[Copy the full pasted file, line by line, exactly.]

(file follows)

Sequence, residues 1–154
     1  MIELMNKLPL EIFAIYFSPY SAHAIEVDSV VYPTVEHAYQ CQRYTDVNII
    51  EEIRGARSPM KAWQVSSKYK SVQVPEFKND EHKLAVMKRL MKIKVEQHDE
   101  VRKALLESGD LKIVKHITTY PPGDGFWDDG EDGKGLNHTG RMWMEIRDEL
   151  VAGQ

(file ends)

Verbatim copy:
Sequence, residues 1–154
     1  MIELMNKLPL EIFAIYFSPY SAHAIEVDSV VYPTVEHAYQ CQRYTDVNII
    51  EEIRGARSPM KAWQVSSKYK SVQVPEFKND EHKLAVMKRL MKIKVEQHDE
   101  VRKALLESGD LKIVKHITTY PPGDGFWDDG EDGKGLNHTG RMWMEIRDEL
   151  VAGQ